This is based on a recipe from the book "BANC" with recipes by Liam Tomlin from his time at Banc Restaurant in Sydney.
I recall visiting the restaurant on the Friday, September 14, 2001. The twin towers had crumbled a few days before, Ansett had collapsed and I was supposed to be flying back to Melbourne the next day on an Ansett flight.
The meal was superb, starting with the most sublime and clear Peking Duck Consomme. It was so clear, free from any trace of fat and full of exquisite flavour.
The restaurant had also suffered recently, at the hands of the Sydney food media and Banc had lost a hat. I had been recommended to eat here by a chef and was not disappointed. It was a Five Star experience and finished with a glass of armagnac chatting to Remi Bancal, who had been at Jacques Reymond's.
For those who have not heard of Liam Tomlin and Banc, this Sydney Morning Herald article may help show his influence on Austrlian food.
The book has become a collectors item and will always be treasured, along with the memories of a wonderful restaurant; superb chef and team; and, food prepared with love.
This dish is one of the various parfaits on offer and the Thermomix does a superb job of preparing the dish with a light texture.
If you are able to source duck livers then they produce an even better result. Duck Liver Parfait will always remind me of Philippe Mouchel and the plates of duck charcuterie that were available at Paul Bocuse Restaurant at Diamaru, and now available in a more modest form at the brasserie by Philippe Mouchel.
Chicken Liver Parfait
500g chicken livers
60ml cognac or brandy
2 large eggs
300g softened unsalted butter
salt, freshly ground pepper
Thoroughly clean the livers, removing any sinew or green parts left from the gall bladder, as these will turn the livers bitter. Place the livers in a bowl and cover with madeira, port and cognac. Marinate for 2 hours in the fridge.
Pour the livers into TM basket over a bowl and catch all the alcohol. Put the alcohol in TM bowl and cook for 15 minutes at Varoma Temperature on speed 3 to reduce its volume by about half. Pass through TM basket and allow to cool.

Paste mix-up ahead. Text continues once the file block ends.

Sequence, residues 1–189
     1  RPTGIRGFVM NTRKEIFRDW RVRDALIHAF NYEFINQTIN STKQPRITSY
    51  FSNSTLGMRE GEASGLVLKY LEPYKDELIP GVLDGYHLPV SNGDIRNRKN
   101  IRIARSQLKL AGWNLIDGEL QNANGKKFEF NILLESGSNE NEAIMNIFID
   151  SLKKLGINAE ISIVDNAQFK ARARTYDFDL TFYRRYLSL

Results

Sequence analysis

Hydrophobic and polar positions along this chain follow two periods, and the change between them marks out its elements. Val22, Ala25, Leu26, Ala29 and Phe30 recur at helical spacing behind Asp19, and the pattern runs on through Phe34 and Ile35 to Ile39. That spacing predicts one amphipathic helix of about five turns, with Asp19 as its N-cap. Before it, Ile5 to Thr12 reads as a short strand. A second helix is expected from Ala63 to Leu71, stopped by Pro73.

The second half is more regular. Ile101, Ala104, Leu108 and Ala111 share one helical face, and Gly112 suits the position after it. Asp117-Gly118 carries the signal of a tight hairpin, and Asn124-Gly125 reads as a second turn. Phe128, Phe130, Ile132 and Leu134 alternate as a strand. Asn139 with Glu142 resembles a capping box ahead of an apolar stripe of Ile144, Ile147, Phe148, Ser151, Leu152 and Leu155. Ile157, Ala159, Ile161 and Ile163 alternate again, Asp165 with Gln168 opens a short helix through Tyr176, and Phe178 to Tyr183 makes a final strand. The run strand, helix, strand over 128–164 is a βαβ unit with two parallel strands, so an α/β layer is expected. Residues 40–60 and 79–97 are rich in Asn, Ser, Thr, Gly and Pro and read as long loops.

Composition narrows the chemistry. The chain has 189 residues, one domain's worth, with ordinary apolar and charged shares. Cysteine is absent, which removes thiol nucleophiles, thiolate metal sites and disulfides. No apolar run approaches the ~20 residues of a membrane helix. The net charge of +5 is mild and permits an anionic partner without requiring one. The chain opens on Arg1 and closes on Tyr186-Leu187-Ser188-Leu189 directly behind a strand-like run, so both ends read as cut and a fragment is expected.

Place the livers in TM bowl and blend for 30 seconds on speed 7. Scrape down the sides during the processing. Set the TM to speed 3 and add the eggs one by one, and then add the reduced alcohol. Once blended pass the mixture through a very fine sieve into a bowl and set aside.
Place the butter in the TM bowl and blend for 30 seconds on speed 3 or until smooth. Add the liver mixture to the bowl and blend for 30 seconds on speed 9. Season to taste with salt and freshly ground pepper, before blending for 10 seconds on speed 3 to incorporate.
Line a 1litre terrine mould or dish that will fit into the Varoma with cling film, making sure that you press it right into the corners to ensure you achieve a nice even surface when turning out, and leave enough overhang to cover the top of terrine mould during the cooking of the parfait.
Pour the liver parfait into the terrine and fill to about 2cm (3/4in) from the top. Gently tap the terrine on the benchtop to expel any air bubbles through the parfait. Cover with the over-hanging cling wrap, and place a lid on top or cover with foil.
Place 1200 g water into the TM bowl. Place the terrine into the Varoma and position Varoma on TM lid. Cook for 45 minutes at 100°C on speed 2 and test with a skewer. If the parfait is still soft and runny give it a few more minutes before testing again (when the skewer is removed, it should be clean and barely warm to touch).
Remove from the Varoma and allow the parfait to cool before placing in the fridge to set over night before turning out. To turn out, run a sharp knife around the sides of the terrine mould to loosen the parfait. Invert the mould onto a board or plate. If it doesn't slide out easily, run a tea towel under hot water, squeeze out and place on the terrine. The heat from the tea towel will loosen the parfait.
Heat a sharp knife under hot water, wipe dry and cut the terrine into 1½ cm slices.